DENVER — To beat the blistering, blurry Super Bowl champion Chiefs, the Broncos must keep up with the Chiefs.
Which brings us to the first question: Is Broncos rookie wide receiver KJ Hamler as fast as they say, as fast as he looks?
“He really is that fast,” says Gerad Parker, Hamler’s position coach last season at Penn State. “His speed is no joke.”
Thought so. These hype videos I’m seeing on social media barely look real. They look like Hamler, the surprise second-round pick, is operating in fast forward while his peers are in slow motion. His legs kick like a chef’s knife chopping celery.
It’s wild stuff. It’s stuff that sends you to StubHub for Broncos tickets when no one’s even sure if fans will be allowed to attend the games. Stuff that makes you think the Broncos can finally, after nine straight losses to Kansas City, keep up with the Chiefs.
But what do these wild hype videos mean, aside from 1,000 likes on social media?
Because it says here Hamler means a ton. If he can play, Hamler elevates a good Broncos offseason into a great Broncos offseason. If he’s a bust, the Broncos can return to their regularly scheduling viewing: the back of Chiefs jerseys.
Speed, juice — that’s what’s been missing around these hills. You and I both know Courtland Sutton can play. He’s the muscle of the wide receivers. Twelve broken tackles — tops among NFL wide receivers, according to Pro Football Reference — says Sutton is the No. 1 till proven otherwise. And there’s Jerry Jeudy, the first-round pick. He’s the technician. The powerhouse Alabama program has seen only two wide receivers total 1,000 yards in back-to-back seasons, and Jeudy’s one of them.
“Typically, in games that you win and play good offense ... there’s probably six or seven guys that caught passes and two or three guys that ran the ball,” Broncos offensive coordinator Pat Shurmur says.
The speed? That’s Hamler. Is he the real deal, or a real reach? He was the controversial draft pick I loved while others hated. What sold me on Hamler wasn’t the wild workout videos. It was the edge, the spirit, the go-getter swag he showed on draft night: “I don’t back down to anybody.” He’s the 5-foot-9, 176-pound wild card. He’s really that fast, his college wide receivers coach says, and ... what else?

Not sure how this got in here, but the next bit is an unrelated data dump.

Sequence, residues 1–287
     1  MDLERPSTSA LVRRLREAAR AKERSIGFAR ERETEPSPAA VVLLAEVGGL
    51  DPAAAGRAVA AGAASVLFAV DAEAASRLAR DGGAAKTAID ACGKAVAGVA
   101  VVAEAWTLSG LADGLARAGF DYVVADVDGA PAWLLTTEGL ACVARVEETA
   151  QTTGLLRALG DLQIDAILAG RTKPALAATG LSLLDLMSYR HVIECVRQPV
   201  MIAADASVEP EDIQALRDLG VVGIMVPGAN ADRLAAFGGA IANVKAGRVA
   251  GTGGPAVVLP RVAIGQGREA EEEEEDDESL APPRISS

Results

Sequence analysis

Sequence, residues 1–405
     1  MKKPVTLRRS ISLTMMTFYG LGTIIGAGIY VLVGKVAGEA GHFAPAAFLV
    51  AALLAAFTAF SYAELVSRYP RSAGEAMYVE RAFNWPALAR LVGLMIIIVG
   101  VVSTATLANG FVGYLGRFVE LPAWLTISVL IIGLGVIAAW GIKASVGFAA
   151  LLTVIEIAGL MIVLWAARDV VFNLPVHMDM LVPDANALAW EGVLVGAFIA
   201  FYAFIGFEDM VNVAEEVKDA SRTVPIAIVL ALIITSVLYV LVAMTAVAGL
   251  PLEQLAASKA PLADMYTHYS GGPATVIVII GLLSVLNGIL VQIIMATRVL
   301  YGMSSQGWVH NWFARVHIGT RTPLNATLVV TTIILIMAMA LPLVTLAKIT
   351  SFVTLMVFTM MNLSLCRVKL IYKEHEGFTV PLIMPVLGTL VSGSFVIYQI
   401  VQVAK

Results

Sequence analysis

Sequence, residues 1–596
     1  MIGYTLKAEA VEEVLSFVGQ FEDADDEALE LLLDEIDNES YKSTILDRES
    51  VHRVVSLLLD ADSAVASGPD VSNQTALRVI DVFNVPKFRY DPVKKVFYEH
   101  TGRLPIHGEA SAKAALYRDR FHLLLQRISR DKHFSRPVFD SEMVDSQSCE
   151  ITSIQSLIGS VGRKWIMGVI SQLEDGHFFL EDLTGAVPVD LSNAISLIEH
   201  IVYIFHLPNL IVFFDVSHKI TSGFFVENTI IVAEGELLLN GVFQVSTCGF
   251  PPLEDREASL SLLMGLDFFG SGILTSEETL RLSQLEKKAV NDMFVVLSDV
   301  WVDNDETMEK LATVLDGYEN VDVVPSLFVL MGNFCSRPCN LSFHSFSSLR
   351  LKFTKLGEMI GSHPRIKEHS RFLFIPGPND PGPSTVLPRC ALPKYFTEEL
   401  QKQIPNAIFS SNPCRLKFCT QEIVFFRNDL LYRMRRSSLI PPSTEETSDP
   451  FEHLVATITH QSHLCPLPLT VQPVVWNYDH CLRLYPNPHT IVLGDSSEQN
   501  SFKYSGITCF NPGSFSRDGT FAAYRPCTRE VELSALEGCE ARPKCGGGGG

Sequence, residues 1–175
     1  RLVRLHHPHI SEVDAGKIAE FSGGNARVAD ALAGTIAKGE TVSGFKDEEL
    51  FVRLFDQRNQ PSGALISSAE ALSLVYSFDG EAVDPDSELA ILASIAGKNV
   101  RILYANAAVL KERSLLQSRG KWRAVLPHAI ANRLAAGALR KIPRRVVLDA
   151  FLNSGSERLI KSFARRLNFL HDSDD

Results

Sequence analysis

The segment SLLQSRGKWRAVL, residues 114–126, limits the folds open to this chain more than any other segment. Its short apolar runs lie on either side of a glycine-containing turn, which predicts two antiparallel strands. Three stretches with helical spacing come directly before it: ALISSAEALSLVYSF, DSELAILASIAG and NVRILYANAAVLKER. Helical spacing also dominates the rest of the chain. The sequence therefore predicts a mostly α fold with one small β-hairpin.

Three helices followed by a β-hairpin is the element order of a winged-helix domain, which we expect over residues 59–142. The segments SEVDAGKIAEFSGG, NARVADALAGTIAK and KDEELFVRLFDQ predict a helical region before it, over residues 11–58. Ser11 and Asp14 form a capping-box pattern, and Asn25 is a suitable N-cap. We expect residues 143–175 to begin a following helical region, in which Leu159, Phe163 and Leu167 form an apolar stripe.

“I’ll tell you this: Doing what you do for a living, you’re going to love him. He’s a fun interview, no doubt about it,” says Parker, who left Penn State for a well-deserved promotion as offensive coordinator at West Virginia. “He is a happy-go-lucky kid who has a chip on his shoulder in a positive and productive way. He’s got one of those small, undersized, is-he-big-enough type stories. He carries it in a positive way. He’s very proud of being from Pontiac (Mich.). He’s got his mom’s personality. He’s been raised great by two awesome parents, two great people.”
Count me in.
Now about those drops. The drops are as much a part of his story as the speed, since you can’t show one without fixing the other. Hamler last season dropped 12 of 68 catchable passes thrown his way, a scary drop rate of 17 percent.
“I think it’s an issue. And the cool thing is he knows it,” Parker says. “He’s got some fundamental things to continue to work on, and that happens to be one of them. I’d say probably 90 percent of those (drops) he already knows he’s got his eyes up field and the ball’s below his waist. He knows he’s got to turn his hands over properly and finish those. He will work on it. He’s driven. He’s a worker.”
His coach added, “I don’t think the drops are something you’ll be writing about.”
Cool, because I sure prefer talking about speed.
So let’s talk about the speed again.
The NFL combine record in the 40-yard dash is John Ross’ 4.22 seconds. Champ Bailey ran a 4.28. Raiders draft pick Harry Ruggs III ran a 4.27. The late Darrent Williams ran a 4.30. Hamler didn’t run at the combine due to an injury. Broncos boss John Elway told NBC Sports they clocked him over 40 yards on a kickoff return at Penn State.
“There is no doubt what KJ would’ve run at the combine. If he would have ran-ran at the combine — actually run at the combine — we’re talking he’s in the 4.2s,” Parker says. “He would have run 4.29, somewhere around there. That’s what we’re talking about."